Why do you think that is? Our culture here is unique. If people come in used to doing things the waythey were doing them at their former metal service center, it doesnt alwaysmatch how we do things here. And its hard to get them into our mindset.

    More and more metals and manufacturing companies are using socialmedia to form relationships with potential buyers. (See ServiceCenters Get Social.) Is there a reason you dont have a Facebook pagefor Basic Metals? I think were an old industry. Its still about knocking on doors and meetingpeople face to face. I come from the old school that way, and have mysalespeople out there and talking to people in person, or even on the phoneversus Facebook. Even though we do a lot of electronic communication now,I still think we want that personal contact. Im more concerned about thecompanys website. I think people are going to Google us more than theyregoing to look on Facebook for us. We actually just hired somebody to redoour website. Right now, we dont spend any money on search engineoptimization to get our site to rank first in Google search, though it does.

    Were talking about taking orders through the new website. But when we getnew orders, we ask a lot of questions, so I would not be comfortable takingorders off the Internet without actually talking to a customer. In our industrythere are so many specifications. Obviously the aluminum itself, and the sizeand the tolerances. But then theres the skid, how they want it packaged.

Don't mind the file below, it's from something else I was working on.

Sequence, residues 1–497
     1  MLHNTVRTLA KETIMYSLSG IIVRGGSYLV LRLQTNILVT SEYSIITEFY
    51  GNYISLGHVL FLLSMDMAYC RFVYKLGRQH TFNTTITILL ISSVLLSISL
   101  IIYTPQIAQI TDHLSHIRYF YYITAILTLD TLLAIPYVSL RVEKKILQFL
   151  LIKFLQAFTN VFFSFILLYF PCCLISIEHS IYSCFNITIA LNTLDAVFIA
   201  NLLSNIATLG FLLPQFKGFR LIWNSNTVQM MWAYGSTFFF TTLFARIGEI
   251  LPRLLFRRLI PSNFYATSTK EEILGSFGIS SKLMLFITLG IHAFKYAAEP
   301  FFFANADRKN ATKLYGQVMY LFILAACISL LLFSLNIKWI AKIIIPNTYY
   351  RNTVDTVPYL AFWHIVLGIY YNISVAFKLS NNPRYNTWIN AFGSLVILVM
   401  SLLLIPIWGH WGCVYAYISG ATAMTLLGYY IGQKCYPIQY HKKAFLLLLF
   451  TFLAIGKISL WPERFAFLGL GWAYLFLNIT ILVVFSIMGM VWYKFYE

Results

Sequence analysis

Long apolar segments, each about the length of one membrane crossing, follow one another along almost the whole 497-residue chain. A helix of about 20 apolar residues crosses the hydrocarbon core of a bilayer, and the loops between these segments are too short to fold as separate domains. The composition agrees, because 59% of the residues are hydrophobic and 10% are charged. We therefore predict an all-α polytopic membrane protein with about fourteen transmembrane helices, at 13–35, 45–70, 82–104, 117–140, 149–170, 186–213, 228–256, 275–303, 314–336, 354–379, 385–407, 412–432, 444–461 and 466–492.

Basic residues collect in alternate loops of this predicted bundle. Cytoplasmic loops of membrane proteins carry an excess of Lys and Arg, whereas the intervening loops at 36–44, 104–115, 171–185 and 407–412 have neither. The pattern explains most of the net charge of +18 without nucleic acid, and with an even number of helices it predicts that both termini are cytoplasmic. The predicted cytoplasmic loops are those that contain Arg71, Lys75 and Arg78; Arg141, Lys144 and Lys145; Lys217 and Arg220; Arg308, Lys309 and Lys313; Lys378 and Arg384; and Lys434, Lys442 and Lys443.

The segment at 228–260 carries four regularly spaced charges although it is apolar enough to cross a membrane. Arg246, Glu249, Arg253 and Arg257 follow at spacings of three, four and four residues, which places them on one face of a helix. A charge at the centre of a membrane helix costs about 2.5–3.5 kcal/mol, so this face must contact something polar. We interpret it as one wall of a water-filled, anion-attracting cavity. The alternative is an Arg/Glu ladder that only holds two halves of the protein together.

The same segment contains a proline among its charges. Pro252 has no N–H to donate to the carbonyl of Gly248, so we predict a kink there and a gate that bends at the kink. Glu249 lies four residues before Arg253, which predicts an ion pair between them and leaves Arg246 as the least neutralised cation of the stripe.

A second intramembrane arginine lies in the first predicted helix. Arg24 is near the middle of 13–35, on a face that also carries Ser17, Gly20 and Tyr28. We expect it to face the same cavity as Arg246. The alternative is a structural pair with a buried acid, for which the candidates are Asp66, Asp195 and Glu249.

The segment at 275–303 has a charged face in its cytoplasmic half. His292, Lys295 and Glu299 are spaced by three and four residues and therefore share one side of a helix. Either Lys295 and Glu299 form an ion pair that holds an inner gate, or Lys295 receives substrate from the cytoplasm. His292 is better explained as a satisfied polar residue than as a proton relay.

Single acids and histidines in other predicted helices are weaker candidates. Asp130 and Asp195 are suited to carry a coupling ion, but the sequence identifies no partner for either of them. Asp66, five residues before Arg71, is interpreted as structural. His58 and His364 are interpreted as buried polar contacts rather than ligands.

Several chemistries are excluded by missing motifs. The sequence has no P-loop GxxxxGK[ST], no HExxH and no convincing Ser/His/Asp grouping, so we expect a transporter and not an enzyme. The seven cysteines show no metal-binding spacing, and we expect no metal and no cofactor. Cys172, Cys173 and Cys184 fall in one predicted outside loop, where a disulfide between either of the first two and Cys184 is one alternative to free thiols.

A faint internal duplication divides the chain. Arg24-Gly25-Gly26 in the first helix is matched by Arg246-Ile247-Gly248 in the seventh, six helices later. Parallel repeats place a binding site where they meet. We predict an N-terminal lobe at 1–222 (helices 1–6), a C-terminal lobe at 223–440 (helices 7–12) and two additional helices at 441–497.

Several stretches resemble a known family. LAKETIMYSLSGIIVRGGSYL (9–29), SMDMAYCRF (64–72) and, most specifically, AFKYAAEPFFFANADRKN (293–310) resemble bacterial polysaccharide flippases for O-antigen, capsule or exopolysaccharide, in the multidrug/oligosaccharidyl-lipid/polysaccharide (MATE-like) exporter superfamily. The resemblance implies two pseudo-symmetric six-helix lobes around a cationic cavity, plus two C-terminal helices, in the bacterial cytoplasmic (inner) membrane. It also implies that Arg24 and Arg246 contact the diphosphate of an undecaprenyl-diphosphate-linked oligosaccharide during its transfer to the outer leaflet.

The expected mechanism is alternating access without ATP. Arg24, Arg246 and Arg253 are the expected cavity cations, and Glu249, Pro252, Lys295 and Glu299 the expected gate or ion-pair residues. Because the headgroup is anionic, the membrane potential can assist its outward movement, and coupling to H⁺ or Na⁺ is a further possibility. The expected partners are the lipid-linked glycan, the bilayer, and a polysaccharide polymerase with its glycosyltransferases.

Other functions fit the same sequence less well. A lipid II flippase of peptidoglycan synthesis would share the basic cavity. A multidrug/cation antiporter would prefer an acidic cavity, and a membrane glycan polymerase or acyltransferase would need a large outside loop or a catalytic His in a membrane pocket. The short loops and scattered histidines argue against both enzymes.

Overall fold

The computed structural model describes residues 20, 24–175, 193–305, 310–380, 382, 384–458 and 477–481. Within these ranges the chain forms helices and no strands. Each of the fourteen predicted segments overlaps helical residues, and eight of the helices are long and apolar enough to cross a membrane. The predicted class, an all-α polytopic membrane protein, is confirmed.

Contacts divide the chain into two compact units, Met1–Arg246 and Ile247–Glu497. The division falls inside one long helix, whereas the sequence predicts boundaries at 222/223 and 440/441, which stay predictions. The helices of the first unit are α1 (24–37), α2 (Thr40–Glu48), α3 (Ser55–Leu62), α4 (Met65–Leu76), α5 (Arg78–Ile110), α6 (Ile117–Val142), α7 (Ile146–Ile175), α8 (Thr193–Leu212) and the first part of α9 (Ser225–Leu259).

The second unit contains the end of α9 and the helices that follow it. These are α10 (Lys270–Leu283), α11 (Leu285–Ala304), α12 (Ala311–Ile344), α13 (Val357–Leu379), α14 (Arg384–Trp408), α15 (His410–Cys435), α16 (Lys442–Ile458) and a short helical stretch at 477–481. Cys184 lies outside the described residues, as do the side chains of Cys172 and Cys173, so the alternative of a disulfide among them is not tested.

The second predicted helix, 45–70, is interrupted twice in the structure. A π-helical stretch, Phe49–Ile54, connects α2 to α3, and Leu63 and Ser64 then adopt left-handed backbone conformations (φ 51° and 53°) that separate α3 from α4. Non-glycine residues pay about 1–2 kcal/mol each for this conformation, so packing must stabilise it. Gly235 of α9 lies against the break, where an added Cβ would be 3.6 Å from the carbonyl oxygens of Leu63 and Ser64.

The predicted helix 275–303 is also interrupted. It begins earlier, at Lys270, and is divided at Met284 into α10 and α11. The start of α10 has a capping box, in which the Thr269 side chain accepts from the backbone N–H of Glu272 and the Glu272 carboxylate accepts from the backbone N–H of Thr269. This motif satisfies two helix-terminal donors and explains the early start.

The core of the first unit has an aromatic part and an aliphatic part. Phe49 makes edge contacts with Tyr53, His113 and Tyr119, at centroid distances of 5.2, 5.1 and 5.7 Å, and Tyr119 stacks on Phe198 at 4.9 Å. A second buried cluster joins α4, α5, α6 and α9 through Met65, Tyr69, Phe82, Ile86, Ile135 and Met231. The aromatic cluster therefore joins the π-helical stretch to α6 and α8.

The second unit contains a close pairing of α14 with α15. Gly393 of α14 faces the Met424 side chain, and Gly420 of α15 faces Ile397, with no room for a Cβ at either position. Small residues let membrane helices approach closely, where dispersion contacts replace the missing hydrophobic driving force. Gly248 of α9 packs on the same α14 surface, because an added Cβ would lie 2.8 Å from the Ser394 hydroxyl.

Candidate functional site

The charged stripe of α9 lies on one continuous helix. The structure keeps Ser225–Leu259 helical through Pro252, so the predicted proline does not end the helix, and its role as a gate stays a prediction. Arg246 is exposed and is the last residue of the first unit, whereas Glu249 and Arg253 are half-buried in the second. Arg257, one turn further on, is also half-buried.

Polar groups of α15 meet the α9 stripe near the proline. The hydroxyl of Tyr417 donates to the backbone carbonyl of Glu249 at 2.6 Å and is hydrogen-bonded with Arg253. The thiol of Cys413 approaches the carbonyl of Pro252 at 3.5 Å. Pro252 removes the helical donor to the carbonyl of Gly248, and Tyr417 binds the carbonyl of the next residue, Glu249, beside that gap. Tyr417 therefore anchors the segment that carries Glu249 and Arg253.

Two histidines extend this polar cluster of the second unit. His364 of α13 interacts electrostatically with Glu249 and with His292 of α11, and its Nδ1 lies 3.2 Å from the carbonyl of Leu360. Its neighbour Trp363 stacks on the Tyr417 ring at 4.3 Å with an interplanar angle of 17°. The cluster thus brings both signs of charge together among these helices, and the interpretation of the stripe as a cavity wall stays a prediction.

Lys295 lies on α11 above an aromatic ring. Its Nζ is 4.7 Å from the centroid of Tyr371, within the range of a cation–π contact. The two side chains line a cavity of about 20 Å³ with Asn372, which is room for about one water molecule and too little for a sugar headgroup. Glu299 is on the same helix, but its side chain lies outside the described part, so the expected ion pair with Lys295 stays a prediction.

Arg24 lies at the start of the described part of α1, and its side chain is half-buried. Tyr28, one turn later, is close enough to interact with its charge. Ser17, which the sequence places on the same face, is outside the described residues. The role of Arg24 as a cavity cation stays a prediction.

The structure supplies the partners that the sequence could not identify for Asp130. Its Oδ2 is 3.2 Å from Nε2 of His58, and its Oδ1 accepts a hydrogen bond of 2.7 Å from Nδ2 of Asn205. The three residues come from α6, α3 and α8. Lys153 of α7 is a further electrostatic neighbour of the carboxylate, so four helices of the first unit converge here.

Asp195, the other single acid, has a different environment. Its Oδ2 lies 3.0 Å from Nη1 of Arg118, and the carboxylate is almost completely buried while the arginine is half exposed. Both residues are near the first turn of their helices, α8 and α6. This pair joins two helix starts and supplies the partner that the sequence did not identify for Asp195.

New aluminum alloys are emerging that could remake the industry.(See Aluminum Steps Up.) How are these affecting your business? Doyou change your processes to accommodate increasing demand forthem? It wont affect our processes at all. We just do aluminum, so we dont have toworry about contaminations or anything in our lines. And were not a first-tier supplier at all to the automotive industry. Maybe some of our fab shopsare doing a little bit of work for automotive, but we dont deal directly with it.If this F-150 Ford pickup truck takes off, I think automotive is going to affectthe demand for aluminum a lot.

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    make almostinstantaneouschanges.

    In something of a departure from metals, you own a bar in Milwaukee.How is that similar to running a metals business? There are no similarities. [Laughs] Its probably more work and lessgratifying than the metals business. A lot more headaches. You know, themetals industry has been a good industry. Its not sexy like the bar industry,but Ive found it very rewarding over the years. Ive met a lot of people, met alot of friends. There are so many good people in this industry, on all sidesvendors, customers, even competitors.

    I enjoy the metals business and I enjoy our size. We really cater to ourcustomerI always tell my customers, the buck stops with me. Theres nostockholders to report to, nobody up the ladder. If theres an issue, if theresa problem, it comes to my desk, and thats it. Ive been doing it a long time,and Ive enjoyed it. Its one of those things: Once it gets in your blood, itsticks with you.

    Kelly Caldwell, a Chicago-based writer and editor, is managing editor ofForward.

    Categories: Features